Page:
• communication and making connections with other people
  • provide basic and necessary infrastructure to allow learning to occur
  • share (increasingly scarce) resources appropriate to the learning taking place
  • encourage learners to interact spontaneously
  • draw on moments of serendipity
  • allow facilitators to pick up on motivations of learners and tailor instruction/guidance as a result
  • space becomes interactive, multi-sited, 'porous' and dynamic.

These days the Internet is our information universe, as Oblinger described it. For many, the Internet has become a personalised learning space; flexible, dynamic, fluid and connected.

(Image by Mobology)

In light of this, I liken a refreshed definition of blended learning to RSS. Stephen Downes (in his eFest keynote) described RSS as a 'mess' of technologies (of which there are a number of variations). We use RSS to 'pull' information and services to us to suit our individual needs and preferences. RSS is a good metaphor (as well as a technical tool) for understanding ways in which learners can pull together threads of learning to create a blended setting in which learning occurs - elements loosely joined. We could very well view learning as a 'pull' activity, dependent on the learner's preferences and needs at the time. A learner can 'RSS' types, formats, contacts (activities, networks, resources), blending their own learning environment.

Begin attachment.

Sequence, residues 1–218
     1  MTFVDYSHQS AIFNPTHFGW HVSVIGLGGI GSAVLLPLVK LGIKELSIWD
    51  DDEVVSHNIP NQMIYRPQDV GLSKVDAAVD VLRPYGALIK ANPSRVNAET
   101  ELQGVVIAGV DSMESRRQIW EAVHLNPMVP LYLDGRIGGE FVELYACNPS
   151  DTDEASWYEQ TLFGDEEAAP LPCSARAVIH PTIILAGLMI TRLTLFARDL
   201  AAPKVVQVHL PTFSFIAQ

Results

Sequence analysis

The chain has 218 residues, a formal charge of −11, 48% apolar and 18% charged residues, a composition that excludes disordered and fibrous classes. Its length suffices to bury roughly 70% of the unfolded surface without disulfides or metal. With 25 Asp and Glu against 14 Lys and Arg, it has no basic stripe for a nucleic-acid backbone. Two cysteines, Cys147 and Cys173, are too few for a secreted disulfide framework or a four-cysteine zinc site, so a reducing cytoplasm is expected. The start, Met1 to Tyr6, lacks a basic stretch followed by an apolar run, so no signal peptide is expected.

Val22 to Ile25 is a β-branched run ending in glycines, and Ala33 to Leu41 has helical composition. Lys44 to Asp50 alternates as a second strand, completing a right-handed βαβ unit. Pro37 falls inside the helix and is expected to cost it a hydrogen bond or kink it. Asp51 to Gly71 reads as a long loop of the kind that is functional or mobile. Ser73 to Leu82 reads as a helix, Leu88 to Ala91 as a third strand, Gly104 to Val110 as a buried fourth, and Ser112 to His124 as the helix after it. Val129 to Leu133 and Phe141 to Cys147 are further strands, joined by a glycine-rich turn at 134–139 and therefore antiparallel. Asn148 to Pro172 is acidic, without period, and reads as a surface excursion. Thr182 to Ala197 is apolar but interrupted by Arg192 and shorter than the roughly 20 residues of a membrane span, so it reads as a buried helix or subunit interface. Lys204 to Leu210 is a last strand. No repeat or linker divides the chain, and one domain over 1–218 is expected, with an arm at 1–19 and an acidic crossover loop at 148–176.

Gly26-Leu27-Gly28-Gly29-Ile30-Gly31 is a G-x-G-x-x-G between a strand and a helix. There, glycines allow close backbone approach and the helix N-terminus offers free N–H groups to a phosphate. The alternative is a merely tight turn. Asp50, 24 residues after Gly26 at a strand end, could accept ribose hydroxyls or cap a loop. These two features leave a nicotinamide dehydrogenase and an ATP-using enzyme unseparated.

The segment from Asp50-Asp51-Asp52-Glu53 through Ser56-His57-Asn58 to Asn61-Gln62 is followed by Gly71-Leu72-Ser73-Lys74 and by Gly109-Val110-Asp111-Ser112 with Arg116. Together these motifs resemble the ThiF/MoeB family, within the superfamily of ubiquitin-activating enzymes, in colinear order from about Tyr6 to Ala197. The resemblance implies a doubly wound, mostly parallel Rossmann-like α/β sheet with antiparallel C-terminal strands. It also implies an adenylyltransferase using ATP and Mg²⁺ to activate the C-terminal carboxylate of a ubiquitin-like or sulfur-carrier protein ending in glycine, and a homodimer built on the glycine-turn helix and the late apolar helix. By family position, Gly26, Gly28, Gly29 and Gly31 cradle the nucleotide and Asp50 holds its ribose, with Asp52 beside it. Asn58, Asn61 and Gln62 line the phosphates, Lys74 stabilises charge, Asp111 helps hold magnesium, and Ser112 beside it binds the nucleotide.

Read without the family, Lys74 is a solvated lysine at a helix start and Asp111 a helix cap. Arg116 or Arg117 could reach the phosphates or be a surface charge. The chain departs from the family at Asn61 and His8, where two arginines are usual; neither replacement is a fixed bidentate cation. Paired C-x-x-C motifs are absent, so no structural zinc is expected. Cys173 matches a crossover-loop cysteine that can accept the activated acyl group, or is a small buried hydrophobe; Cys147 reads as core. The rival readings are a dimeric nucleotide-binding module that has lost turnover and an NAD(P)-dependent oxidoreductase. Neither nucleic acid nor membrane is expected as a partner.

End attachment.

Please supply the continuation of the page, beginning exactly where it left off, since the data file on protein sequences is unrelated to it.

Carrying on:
This recognises the diversity of learning needs, the complexity of opportunities (as well as drawbacks or gaps) faced by learners, and realises the strength of an integrated approach -- all facilitated by the learner (supported by a network of others). What all definitions of blended learning lack, according to Oliver and Trigwell "is an analysis from the perspective of the learner", where the term "'learning' is rightfully returned to the learner" (2005, p.24).

Concluding questions...

As we continue to debate the future(s) of learning, Downes additionally challenges us with the notion of an alternative education system that is publicly funded and open to all, "that could be tapped into by traditional institutions, if they choose". Is it possible it could be something like this?

  • An 'RSS-ed' view where the learner draws together threads/services (metaphorically and technically) to create their own learning space, complete with people, resources and contextualised information?